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The College Process: Navigating the Undergraduate Experience Successfully

· Life Lessons

It took me four years to realize that college is more than a consistent strand of lectures or all-nighters at the library. College for me was a revelation and most importantly, a building component of whom I never thought I could become. In hopes of sharing a few strategies for a rewarding college experience, in the following paragraphs, I will outline the three most important things learned throughout my undergrad career.

Striking the Balance between Execution and Cultivation

Allowing myself to grow from the very beginning was my greatest weapon. For me, growth was initially parallel to the attainment of results. I grew obsessed with the benefits that came along with execution and eventually alienated the importance of cultivating relationships. My entrepreneurial drive led me to launch a few ventures; however, like most starting entrepreneurs, I was faced with constant rejection whenever I asked for help. In truth, what kept me afloat was my attitude to prevail no matter the circumstance. The summer prior to my final year, my team and I launched an initiative to teach entrepreneurship skills to underprivileged youth in Ghana. From this experience, I understood that embracing my level of opportunity helped me understand my level of opposition, and thus I prepared accordingly. Upon returning to the states, I switched my trajectory to cultivating genuine relationships and after doing so; things gradually fell into place – leading me to secure more funding in my senior year than I ever did in my first three years combined. The point here is, individuals who flourish are not extremely results oriented, rather extremely intentional in cultivating relationships.

Shaping Your Identity

A mentor and friend once told me “Don’t let anyone define success for you.” Many students in college are attached to the widely acclaimed definition of success, to the extent where failure is rarely or never embraced. My mantra has always been 'get involved, do more, and fail fast’. I view failure as a learning experience, which in itself is a success. During my freshman year of college, I gathered the courage to recite one of my poems in public for the first time. Making that leap forward is what defined the rest of my college career, as it taught me the importance of not living in fear and further laid the platform to explore entrepreneurship. Prior to dabbling in the world of entrepreneurship, I learned the benefits associated with allocating my time efficiently and the importance of taking things one-step at a time. This contributed to the shaping of my identity as I realized that where I spent my money, my time, and my passion were the defining factors of what mattered most to me.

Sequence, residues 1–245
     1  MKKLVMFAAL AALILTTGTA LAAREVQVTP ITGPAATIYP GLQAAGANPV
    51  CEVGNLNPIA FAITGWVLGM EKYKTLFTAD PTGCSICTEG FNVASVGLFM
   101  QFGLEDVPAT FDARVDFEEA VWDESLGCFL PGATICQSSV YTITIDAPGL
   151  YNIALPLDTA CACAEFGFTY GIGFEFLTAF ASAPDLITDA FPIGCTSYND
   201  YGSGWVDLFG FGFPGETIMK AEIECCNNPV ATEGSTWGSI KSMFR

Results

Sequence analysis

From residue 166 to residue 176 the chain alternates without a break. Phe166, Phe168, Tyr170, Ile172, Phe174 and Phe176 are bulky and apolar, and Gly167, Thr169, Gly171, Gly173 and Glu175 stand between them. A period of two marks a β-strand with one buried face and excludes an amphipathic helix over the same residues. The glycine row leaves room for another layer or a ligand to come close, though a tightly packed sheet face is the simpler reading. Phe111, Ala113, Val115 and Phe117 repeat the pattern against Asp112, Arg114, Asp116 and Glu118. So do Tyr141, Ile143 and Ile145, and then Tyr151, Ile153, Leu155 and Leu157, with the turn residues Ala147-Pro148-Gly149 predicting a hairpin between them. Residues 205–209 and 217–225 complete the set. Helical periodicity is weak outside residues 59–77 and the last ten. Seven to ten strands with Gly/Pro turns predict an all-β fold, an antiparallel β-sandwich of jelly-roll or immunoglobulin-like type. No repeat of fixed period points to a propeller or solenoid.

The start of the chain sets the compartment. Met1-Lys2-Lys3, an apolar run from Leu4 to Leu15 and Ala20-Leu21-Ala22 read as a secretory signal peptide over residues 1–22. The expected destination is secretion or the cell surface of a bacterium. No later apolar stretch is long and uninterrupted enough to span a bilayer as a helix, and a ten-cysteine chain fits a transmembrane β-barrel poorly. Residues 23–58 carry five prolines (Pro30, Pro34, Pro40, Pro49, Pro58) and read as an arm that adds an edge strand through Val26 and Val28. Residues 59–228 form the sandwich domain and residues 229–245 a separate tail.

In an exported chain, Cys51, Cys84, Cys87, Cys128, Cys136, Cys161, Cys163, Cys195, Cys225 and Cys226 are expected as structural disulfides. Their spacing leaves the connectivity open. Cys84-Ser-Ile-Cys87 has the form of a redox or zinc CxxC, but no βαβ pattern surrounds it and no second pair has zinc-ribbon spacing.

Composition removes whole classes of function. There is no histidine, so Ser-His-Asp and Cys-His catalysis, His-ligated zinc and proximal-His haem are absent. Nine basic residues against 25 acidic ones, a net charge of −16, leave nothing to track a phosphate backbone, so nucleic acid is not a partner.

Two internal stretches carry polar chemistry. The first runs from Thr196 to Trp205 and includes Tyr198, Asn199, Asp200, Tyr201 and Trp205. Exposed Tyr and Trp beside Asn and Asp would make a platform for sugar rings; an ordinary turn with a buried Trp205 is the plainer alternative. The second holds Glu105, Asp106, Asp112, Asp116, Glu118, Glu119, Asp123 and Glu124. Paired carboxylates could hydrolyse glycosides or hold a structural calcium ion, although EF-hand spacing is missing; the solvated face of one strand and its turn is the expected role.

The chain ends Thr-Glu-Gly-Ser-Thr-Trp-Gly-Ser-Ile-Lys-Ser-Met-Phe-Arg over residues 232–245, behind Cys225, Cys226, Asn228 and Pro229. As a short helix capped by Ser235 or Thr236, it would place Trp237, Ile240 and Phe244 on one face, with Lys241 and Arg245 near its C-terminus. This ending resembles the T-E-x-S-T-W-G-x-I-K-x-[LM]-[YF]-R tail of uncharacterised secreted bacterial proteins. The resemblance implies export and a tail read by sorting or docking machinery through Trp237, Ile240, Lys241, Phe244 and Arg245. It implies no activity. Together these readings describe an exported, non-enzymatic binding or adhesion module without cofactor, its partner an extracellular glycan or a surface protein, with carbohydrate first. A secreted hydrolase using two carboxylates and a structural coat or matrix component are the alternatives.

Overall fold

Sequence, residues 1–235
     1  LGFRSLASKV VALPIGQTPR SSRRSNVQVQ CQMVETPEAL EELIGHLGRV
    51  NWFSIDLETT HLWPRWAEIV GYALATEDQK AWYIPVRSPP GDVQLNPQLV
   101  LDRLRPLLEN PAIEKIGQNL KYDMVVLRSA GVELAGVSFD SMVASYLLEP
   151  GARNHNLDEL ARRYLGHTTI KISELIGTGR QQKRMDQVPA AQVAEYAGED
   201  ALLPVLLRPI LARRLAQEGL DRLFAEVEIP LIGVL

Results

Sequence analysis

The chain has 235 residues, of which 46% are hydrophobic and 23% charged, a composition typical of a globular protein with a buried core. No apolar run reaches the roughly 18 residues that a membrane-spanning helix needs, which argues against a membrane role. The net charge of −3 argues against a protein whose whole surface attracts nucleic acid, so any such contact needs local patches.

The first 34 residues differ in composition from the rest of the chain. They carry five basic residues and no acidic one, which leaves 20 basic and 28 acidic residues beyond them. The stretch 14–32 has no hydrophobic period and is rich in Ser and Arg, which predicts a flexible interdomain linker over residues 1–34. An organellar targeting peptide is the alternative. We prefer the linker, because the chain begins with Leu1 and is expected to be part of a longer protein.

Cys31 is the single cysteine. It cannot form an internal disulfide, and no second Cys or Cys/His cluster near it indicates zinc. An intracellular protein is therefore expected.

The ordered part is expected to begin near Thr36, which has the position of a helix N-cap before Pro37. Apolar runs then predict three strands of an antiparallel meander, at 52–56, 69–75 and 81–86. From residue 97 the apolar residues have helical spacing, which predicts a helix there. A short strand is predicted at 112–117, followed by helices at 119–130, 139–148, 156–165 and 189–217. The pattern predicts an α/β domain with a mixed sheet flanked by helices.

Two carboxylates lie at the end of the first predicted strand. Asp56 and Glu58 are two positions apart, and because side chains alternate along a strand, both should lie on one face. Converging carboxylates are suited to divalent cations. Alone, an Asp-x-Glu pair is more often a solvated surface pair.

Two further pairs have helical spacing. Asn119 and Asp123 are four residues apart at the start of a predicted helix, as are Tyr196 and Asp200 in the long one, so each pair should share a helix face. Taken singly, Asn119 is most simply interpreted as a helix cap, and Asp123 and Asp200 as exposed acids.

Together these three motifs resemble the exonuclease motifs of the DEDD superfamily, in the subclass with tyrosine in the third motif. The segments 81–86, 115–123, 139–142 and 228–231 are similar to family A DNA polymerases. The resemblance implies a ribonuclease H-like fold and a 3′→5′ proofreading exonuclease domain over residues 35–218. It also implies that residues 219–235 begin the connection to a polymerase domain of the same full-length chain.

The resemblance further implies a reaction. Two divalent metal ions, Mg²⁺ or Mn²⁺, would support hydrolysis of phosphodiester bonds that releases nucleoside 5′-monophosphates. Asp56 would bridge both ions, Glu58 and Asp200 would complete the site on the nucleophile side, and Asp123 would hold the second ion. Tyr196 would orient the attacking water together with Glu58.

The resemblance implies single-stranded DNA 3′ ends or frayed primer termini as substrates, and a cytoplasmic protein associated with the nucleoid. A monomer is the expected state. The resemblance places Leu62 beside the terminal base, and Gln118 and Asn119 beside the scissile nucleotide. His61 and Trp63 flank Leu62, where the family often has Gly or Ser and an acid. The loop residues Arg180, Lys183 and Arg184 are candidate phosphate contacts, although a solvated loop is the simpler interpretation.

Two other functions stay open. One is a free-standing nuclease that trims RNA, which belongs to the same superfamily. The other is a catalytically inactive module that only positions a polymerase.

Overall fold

Recognizing the Importance of Having a Community

Personal experience has showed me how troubling it can be to navigate the college process alone. The absence of a community in my freshman year, led to a lot of unnecessary confusion and time wasted. Fortunately, with time I have learned that having a community promotes clarity. For example, most freshmen have a preconceived notion of what college entails until they befriend older students who enable them to comprehend the actual realities of the undergrad experience. Experience has also taught me that the moment you decide to go through your undergraduate career alone, you void yourself from a support system that will hold you accountable when you do not perform to the best of your ability. Having a community also encourages one to discuss fears, hopes, and aspirations, which can easily transform a discouragement to an encouragement. In cultivating a community, one thing that has worked for me is something I call “Conscious Categorization”. This is the process of grouping your friends into three sets: (1) a younger group, (2) the same age group, and (3) an older group. Once you begin to serve as a mentor for group one, as a friend for group two, and as a mentee for group three, you start to blossom.

Four years later, as I sat through graduation at Yankee Stadium thinking about these three lessons, my mind continuously gravitated to the setbacks, the comebacks, the dreadful and the most memorable moments. My experience could have easily gone down south if I chose not to attentively listen and passionately learn from my mistakes. A college education, no matter where it is received, is an enormous privilege and with that, comes a huge responsibility. I am thankful for my experience at New York University, I look forward to the challenges, and I plan to excel. What about you?

 

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- Jephthah Acheampong

Four years later, as I sat through graduation at Yankee Stadium thinking about these three lessons, my mind continuously gravitated to the setbacks, the comebacks, the dreadful and the most memorable moments. My experience could have easily gone down south if I chose not to attentively listen and passionately learn from my mistakes. A college education, no matter where it is received, is an enormous privilege and with that, comes a huge responsibility. I am thankful for my experience at New York University, I look forward to the challenges, and I plan to excel. What about you?

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